David Rutledge, Chief Executive Officer of DMCC, said: “In under three years the Dubai Tea Trading Centre has become a catalyst for the entire value-chain of the regional and global tea industry, and we are getting closer to our vision of establishing Dubai as the global gateway for tea.

 

“The increased volumes of tea passing through the ports of Dubai and several initiatives introduced for the industry at large are testament to DMCC’s commitment to the trade. Equally important is establishing international standards and best practices through initiatives such as the Global Tea Forum.”

 

Tea is one of the most important economic sectors and the mainstay of some of the developing economies as it provides income and employment throughout the year and requires relatively little investment in the beginning.

 

The Dubai Tea Trading Centre processes teas from 14 countries – India, Sri Lanka, Kenya, Rwanda, Malawi, Tanzania, Mozambique, Vietnam, Indonesia, Bangladesh, China, Papua New Guinea, Iran and Zimbabwe.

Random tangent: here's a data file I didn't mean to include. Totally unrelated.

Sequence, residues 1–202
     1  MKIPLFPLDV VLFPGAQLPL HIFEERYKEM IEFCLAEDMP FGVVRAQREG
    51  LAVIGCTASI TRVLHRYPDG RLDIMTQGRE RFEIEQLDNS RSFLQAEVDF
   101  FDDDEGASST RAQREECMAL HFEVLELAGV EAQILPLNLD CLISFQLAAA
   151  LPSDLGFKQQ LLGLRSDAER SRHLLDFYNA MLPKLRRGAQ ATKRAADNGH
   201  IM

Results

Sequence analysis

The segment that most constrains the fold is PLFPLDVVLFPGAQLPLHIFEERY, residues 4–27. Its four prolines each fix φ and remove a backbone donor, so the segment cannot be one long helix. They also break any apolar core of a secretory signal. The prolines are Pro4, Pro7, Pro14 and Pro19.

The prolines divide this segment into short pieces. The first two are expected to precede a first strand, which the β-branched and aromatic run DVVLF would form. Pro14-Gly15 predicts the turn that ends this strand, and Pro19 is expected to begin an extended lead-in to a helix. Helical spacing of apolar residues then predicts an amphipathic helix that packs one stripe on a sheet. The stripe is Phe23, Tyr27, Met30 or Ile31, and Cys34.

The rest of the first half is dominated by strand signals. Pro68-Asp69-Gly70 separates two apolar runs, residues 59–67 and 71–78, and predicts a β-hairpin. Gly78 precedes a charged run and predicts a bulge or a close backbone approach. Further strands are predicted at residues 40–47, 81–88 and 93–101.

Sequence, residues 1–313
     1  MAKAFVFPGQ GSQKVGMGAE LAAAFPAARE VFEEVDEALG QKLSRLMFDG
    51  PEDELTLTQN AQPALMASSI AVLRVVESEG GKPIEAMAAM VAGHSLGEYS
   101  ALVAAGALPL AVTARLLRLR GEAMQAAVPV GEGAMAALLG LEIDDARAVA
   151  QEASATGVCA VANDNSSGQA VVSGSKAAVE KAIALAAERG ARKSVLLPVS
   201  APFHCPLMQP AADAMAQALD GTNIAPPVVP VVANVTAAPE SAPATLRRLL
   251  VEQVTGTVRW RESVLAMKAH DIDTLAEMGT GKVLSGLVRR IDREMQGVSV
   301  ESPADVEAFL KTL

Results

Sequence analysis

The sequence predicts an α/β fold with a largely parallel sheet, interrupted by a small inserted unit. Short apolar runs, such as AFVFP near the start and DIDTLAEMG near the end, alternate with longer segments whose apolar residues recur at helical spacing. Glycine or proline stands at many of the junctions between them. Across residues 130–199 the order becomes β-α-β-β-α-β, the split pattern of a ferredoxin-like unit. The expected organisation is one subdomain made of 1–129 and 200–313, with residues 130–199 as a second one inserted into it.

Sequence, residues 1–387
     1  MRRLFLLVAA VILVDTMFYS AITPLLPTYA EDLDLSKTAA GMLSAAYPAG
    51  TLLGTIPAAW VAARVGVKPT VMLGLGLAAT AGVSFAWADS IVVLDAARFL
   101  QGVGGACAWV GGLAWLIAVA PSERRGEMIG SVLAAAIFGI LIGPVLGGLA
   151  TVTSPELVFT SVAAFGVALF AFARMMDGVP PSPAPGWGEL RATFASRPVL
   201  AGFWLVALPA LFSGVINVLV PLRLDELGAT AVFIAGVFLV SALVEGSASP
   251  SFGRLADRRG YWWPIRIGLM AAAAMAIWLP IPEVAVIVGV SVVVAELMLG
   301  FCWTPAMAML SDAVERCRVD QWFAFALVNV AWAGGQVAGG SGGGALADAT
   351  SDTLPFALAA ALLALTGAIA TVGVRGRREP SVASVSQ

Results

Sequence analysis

The centre, in line with its mandate to further increase the tea trade in and through Dubai, also facilitates sales to buyers in the GCC states, Iran, Iraq, Jordan and former Soviet republics and plans to expand into other markets.

 

Sethi said: “The larger tea-producing countries are India, Sri Lanka, China, Kenya, Indonesia and Vietnam, and teas from these countries are extensively consumed in the Middle East and adjoining regions. In fact 27 per cent of exports from the producing countries are imported into the Middle East and adjoining regions. Traditionally, consumers in the UAE prefer black tea from India, Sri Lanka and Kenya. However, in recent years there has been growing awareness and interest in green teas.”

 

In 2006 DTTC facilitated the trading of 4.3 million kilograms of multi-origin teas – almost double the figure from the previous year. While 2007 is still being evaluated, the figure is expected to have grown by at least 5.5 million kg despite traders facing problems with increased prices.

 

Meanwhile, the volume of tea physically cleared into Dubai rose from 96.6 million kg in 2005 to 105.5 million kg in 2006.

 

Sethi said: “Across the world tea registered a move towards higher prices, which was the result of a variety of factors, including the drought in Sri Lanka, political upheaval in Kenya and the strengthening of the Indian rupee – all of which affected the global demand and supply situation.